- Continue counting reps from where you left off, getting as many as you can (e.g., 9 reps)
- Rest another 60 seconds
- Continue until you reach your pull-up target
This is a great way to improve your pull-up total while also giving your lats a fantastic pump.
Resistance Band Back and Shoulder Alternate Workout
The workout that we’ve covered is an extremely effective program to build back and shoulder muscles and strength. However, it assumes you’ve got access to a wide range of training equipment. For those who don’t, I’ve provided an alternate workout that requires nothing but a set of resistance bands and a pull-up bar.
For this back workout, you’ll use a door anchor to perform pull-down exercises. For that, you will need the door anchor attachment that came with your resistance band set. You will also be doing pull-ups on this program, so you’ll need a pull-up bar or at least a high beam that you can use. We also suggest wearing workout gloves.
The back workout in this program consists of five exercises. You will do each of the resistance band exercises for four sets. On these exercises, you will follow this rep scheme:
- Set One: 20 reps
- Set Two: 10 reps
- Set Three: 10 reps
- Set Four: 20 reps
When it comes to the fifth exercise, pull-ups, you will do three sets to failure. That means that you keep going until you cannot do another rep without cheating.
On each succeeding set, you will increase the resistance on the band. You can achieve this in two ways:
- Using a heavier resistance band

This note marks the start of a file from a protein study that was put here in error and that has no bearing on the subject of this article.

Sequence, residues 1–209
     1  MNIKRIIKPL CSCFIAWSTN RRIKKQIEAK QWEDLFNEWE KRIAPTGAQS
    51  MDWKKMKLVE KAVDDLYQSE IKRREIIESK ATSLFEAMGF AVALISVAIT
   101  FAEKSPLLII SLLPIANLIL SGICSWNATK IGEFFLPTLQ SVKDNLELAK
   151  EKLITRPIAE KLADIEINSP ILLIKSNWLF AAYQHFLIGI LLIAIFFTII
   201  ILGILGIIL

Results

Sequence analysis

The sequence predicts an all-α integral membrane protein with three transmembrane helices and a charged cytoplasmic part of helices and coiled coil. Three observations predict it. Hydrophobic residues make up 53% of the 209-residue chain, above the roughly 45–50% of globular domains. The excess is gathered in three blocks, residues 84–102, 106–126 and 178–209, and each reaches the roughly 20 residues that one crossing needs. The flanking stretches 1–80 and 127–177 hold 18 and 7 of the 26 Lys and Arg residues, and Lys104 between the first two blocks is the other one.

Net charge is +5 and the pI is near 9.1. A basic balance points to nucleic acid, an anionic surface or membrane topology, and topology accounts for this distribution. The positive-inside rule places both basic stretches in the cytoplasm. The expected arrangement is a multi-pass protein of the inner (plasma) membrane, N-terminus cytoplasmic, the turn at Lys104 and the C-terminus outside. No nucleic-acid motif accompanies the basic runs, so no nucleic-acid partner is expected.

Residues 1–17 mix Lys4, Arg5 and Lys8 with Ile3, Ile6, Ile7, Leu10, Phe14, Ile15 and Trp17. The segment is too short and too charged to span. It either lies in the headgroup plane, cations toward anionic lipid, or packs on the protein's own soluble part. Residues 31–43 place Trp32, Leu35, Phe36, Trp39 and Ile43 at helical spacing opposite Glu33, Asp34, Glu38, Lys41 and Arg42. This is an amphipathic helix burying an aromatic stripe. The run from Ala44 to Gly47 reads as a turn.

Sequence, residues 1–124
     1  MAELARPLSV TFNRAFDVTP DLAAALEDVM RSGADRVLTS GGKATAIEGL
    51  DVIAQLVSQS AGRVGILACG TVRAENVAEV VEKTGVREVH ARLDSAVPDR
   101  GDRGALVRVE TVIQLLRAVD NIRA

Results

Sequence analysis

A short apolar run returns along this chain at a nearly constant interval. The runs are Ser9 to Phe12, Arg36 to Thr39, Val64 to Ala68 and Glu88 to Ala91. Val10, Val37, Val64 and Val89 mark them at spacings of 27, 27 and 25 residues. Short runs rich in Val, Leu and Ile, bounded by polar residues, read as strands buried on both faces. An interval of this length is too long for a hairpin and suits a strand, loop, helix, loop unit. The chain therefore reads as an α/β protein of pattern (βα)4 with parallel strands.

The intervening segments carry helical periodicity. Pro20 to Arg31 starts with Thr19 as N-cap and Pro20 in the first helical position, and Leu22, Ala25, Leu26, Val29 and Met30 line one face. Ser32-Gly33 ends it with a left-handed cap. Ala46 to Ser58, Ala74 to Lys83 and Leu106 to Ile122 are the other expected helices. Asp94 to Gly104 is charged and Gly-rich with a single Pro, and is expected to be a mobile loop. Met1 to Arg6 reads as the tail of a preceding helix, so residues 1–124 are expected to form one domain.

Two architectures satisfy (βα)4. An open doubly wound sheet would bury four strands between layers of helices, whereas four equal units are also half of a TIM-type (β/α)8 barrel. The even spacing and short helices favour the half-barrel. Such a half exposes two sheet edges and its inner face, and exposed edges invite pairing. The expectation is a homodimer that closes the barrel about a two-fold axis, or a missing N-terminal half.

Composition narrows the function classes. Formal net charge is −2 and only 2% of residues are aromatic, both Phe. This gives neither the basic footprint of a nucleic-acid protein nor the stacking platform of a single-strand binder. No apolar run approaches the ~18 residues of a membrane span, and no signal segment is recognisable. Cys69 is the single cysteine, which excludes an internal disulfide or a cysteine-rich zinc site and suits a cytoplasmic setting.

- Moving further away from the anchor point
The resistance band shoulder workout consists of three exercises. The first is the banded shoulder press, using your feet as the anchor point. Then you’ll be performing a superset that sees you alternating between the band lateral raise and handstand push-up. This combination will fire up your delts.
This is a fast-paced workout. You want to maintain the intensity throughout the session. Limit your rest between sets to 30 seconds. Between each set, you should stretch your upper back. Do this by grabbing a fixed upright object with one hand, getting into a staggered stance, bending forward, and feeling the stretch through your lats. Rock back and forth for a count of 10. Then repeat on the other side.
|One-Arm Lat Pulldown||5||20/10/10/20|
|Band Pull Apart||5||20/10/10/20|
|Side Lateral Raise||3||15 (each side)|
Here is how to do each exercise correctly:
- Take a slightly wider than shoulder-width grip on the pull-up bar.
- Straighten your legs and have them slightly angled before you.
- Now spread your scapula, open your chest, and pull directly up so that your chest comes up to the bar.
- Lower and return, but do not go down to a dead hang.
One-Arm Lat Pulldown
- Anchor the resistant band in a door.
- Now position yourself about three feet away from the anchor point, facing towards the anchor.
- Grab the band with your right hand, and stagger your legs so your right leg is in front. Bend the knee to get into a form stance with your weight on the front leg.
- In this start position, you should feel a great pre-stretch through the lats, and the band’s angle should be about 30 degrees.
- Pull the band in and down toward your hip. In the bottom position, your elbow should be touching your hip.
- Set the anchor to a low point on the door, about 24 inches from the floor. Sit on the floor facing the anchor point. Place your feet on the door with your knees slightly bent.
- Now, grab the bands at a point about 12 inches from the anchor point with each hand.
- Keeping your knees slightly bent, arch your lower back and extend your arms. From here, you should feel a good pre-stretch through the lats.